Edorium Journal of

Anesthesia

 
  Table of Contents    
Case Report
 
Difficult venous access in a child with a severe form of scleromyxedema
Biljana Drašković1, Dragan Marinković2, Fabri Izabella3
1Professor of Anesthesiology, Anesthesiologist, Department of Surgery, Medical Faculty, University of Novi Sad, Serbia Anesthesiologist, Head of Department, Department of Anesthesia, Intensive Care Medicine and Pain Therapy, Clinic of Pediatric Surgery, Institute of Healthcare of Children and Youth of Vojvodina, Novi Sad, Serbia.
2Anesthesiologist, Department of Anesthesia, Intensive Care Medicine and Pain Therapy, Clinic of Pediatric Surgery, Institute of Healthcare of Children and Youth of Vojvodina, Novi Sad, Serbia.
3Teaching Assistant of Anesthesia, Department of Surgery, Medical Faculty, University of Novi Sad, Serbia. Anesthesiologist, Department of Anesthesia, Intensive Care Medicine and Pain Therapy, Clinic of Pediatric Surgery, Institute of Healthcare of Children and Youth of Vojvodina, Novi Sad, Serbia.

Article ID: 100002A05BD2015
doi:10.5348/A05-2015-2-CR-2

Address correspondence to:
Prof. Dr. Biljana Biljana Drašković
Hajduk Veljka str. 10., 21000 Novi Sad
Serbia
Fax: +38121420808

Access full text article on other devices

  Access PDF of article on other devices

[HTML Abstract]   [PDF Full Text] [Print This Article]
[Similar article in Pumed] [Similar article in Google Scholar]

How to cite this article
Drašković B, Marinkovic D, Izabella F. Difficult venous access in a child with a severe form of scleromyxedema. Edorium J Anesth 2015;1:6–9.


Abstract
Introduction: Scleromyxedema, is a very rear condition of mucinous deposition and diffuse papular eruptions of the skin, accompanied by systemic complications.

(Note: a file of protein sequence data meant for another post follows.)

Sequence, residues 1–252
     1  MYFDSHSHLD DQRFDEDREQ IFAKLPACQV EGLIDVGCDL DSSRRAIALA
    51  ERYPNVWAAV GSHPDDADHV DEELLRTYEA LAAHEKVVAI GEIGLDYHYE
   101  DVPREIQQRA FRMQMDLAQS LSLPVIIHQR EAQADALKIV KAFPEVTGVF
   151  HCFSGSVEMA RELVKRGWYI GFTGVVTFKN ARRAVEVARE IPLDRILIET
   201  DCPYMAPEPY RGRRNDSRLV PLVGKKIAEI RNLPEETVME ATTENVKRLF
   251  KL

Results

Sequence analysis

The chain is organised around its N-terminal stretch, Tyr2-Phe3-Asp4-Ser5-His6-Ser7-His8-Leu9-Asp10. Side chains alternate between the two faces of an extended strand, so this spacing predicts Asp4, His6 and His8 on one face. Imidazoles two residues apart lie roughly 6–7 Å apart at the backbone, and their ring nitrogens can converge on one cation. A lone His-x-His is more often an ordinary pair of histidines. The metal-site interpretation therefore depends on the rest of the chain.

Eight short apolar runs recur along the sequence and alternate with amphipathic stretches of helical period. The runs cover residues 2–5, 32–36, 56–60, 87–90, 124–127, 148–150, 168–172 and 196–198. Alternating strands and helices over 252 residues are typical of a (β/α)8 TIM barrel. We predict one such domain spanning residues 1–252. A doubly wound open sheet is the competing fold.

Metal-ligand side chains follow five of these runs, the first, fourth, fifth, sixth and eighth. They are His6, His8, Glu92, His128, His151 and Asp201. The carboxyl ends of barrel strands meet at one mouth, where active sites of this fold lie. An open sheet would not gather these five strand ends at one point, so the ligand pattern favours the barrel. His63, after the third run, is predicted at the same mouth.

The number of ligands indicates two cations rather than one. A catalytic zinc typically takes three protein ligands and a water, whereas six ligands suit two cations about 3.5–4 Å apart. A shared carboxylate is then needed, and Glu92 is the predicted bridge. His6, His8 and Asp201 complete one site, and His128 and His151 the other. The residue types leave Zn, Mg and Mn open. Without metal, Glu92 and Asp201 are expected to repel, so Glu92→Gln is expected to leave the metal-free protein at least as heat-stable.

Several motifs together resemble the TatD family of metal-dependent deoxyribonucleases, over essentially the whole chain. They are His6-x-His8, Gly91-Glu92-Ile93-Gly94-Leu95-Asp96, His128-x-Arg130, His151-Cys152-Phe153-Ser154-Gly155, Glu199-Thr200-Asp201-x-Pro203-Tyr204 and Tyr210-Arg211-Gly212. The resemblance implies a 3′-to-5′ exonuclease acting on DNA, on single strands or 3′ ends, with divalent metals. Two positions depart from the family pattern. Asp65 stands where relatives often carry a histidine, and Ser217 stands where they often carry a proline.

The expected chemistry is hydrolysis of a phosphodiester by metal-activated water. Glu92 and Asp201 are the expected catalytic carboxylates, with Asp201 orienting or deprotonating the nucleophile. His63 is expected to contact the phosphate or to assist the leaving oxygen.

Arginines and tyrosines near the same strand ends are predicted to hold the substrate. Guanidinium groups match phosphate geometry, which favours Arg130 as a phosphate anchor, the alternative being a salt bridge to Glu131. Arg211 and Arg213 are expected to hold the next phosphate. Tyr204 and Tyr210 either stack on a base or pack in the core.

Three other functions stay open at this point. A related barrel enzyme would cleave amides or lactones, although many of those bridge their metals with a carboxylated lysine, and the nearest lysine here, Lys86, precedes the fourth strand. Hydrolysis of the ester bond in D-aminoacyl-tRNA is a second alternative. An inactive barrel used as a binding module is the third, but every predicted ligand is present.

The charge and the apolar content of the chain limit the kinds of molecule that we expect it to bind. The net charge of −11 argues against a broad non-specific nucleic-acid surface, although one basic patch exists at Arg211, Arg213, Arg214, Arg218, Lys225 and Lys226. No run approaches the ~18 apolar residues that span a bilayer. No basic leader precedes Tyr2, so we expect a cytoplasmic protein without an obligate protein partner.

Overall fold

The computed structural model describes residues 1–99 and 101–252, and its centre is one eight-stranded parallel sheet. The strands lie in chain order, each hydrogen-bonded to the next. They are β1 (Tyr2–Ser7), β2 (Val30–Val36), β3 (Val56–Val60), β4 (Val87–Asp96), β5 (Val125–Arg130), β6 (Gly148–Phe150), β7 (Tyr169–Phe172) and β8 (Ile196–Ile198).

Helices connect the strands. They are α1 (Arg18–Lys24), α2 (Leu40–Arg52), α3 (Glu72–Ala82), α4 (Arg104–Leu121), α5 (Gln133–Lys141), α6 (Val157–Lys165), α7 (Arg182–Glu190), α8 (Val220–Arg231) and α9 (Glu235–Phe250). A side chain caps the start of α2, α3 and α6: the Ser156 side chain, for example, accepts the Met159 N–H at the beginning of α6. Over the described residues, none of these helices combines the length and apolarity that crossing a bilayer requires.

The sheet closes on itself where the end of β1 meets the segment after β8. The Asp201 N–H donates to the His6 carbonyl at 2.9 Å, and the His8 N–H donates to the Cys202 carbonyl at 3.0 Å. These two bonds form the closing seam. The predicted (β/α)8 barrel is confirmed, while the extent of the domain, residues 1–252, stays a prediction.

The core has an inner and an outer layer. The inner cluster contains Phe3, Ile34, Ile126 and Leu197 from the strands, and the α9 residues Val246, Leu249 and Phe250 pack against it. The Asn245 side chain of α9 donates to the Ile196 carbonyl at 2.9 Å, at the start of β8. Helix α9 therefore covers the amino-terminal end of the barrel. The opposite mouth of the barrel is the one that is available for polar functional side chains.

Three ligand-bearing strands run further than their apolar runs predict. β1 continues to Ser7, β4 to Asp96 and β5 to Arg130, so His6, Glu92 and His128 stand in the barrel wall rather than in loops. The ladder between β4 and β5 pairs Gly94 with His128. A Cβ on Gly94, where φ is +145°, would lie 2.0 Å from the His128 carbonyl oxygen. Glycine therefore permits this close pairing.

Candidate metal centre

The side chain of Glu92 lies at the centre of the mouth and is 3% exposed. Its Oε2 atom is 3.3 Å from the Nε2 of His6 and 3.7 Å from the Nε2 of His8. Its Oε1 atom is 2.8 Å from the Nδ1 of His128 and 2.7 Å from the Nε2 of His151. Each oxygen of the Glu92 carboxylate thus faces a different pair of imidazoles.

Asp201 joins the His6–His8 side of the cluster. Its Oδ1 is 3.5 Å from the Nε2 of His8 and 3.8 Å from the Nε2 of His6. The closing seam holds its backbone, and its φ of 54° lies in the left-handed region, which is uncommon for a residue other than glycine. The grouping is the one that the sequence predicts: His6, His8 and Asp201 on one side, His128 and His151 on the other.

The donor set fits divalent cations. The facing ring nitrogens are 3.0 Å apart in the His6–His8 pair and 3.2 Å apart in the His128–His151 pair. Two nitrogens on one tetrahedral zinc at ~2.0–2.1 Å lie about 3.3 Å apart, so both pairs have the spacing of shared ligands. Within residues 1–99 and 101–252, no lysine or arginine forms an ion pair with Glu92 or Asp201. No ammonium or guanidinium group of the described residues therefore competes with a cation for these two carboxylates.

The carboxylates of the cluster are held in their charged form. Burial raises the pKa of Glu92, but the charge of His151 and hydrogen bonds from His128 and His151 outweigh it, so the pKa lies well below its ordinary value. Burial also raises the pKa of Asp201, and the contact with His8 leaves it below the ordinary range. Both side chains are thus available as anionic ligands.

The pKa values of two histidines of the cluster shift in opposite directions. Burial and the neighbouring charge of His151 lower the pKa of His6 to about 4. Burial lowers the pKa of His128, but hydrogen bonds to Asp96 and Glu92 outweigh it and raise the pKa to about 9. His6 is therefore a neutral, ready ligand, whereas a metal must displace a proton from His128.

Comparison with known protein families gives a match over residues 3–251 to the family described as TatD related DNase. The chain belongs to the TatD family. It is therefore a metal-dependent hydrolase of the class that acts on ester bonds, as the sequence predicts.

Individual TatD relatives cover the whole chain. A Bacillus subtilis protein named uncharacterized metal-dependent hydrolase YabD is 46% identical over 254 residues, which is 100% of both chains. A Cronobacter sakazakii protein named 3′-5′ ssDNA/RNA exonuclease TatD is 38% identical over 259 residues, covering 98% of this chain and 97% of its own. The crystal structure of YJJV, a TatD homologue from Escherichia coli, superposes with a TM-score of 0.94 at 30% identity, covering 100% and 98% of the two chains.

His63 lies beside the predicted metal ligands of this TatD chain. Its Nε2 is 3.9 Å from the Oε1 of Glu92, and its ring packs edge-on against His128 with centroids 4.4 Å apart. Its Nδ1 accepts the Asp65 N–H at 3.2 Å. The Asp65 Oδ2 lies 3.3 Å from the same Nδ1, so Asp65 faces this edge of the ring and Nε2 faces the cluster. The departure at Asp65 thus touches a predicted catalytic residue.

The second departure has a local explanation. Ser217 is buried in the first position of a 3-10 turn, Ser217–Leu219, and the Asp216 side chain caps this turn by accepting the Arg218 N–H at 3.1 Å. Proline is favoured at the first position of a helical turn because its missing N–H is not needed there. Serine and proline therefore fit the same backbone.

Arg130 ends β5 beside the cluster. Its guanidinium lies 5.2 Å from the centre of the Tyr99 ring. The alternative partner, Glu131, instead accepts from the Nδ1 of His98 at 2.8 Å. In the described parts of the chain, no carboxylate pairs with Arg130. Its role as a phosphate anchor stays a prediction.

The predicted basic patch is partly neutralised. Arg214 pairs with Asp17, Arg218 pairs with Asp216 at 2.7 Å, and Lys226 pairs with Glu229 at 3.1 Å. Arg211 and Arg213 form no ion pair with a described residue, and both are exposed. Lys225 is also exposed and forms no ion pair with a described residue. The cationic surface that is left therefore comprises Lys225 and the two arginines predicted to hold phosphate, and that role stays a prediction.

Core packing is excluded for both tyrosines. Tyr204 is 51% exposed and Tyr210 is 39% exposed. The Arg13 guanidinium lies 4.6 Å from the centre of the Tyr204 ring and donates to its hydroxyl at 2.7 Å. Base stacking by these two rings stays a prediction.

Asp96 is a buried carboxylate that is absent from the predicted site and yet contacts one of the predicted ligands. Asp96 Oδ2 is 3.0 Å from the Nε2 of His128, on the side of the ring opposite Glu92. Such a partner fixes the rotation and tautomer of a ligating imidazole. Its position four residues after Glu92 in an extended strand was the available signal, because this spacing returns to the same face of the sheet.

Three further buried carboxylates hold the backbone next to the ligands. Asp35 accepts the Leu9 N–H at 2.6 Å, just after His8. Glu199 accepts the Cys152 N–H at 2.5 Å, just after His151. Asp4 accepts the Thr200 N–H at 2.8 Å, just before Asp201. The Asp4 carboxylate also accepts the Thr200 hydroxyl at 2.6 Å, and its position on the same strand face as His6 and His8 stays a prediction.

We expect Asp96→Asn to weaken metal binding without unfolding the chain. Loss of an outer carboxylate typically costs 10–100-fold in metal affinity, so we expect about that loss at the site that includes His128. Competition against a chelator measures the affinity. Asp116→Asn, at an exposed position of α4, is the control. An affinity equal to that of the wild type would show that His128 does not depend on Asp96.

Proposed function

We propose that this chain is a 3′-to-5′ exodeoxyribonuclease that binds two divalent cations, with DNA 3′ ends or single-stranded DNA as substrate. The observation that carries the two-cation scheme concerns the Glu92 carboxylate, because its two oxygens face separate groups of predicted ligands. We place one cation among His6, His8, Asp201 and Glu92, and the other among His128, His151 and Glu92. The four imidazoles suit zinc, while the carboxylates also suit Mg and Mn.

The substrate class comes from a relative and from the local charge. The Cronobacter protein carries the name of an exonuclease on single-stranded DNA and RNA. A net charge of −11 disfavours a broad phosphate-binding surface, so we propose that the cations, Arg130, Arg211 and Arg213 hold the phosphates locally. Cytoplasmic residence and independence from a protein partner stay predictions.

Case Report: A case of a 12 years old boy whose disease first presented with multiple painful aphtous ulcers in his mouth, papular skin eruptions on his palms and soles and hyperthermia up to 38.3°C. Over a period of four years the disease advanced progressively with rapid spreading of the skin lesions on the boys extremities, trunk and neck. On our first contact with the patient, he was in a very altered health condition, severely underfed, almost paralized with rigid flexion of all of his proximal and distal joints. His skin was thick and unpenetrable, intravenous cannulation and administration of therapy, laboratory testing was impossible. Neck extension and mouth opening were severely limited. The positioning for central vein puncturing was impossible and therefore it was decided to place a central venous catheter under the control of ultrasound. The procedure took place in the operating theatre, under analgosedation with Chloral hydrate administered rectally and N2O/air mixture through a facial mask. The right internal jugular vein was cannulated using the out-of-plain technique, with a 18G catheter under the guidance of a 6 cm linear ultrasound probe.
Conclusion: The procedure was successful with no intra- or postoperative complications. Ultrasound guided central vein insertion appeared to be of a major significance in this case of a very difficult vascular access, presenting as a safe, easy and lifesaving technique.

Keywords: Central venous catheters, Scleromyxedema, Ultrasonography


Introduction

Scleromyxedema involves mucinous deposition in the skin and is associated with the presence of monoclonal gammopathy, characterized by a papular skin eruption. This illness has not been previously reported in children [1]. We report herein a case of a 12-year-old male suffering from a severe form of scleroderma who presented for central venous access.


Case Report

The patient was a wheelchair-bound 12-year-old male with severely limited movement amplitudes and rigid flexion of all joints. His skin was covered with diffuse adherent sclerotic plaques, and he exhibited limited neck extension and mouth-opening. The patient's tongue was hyperemic and edematous with aphthous ulcers. The patient was also severely underfed (Figure 1).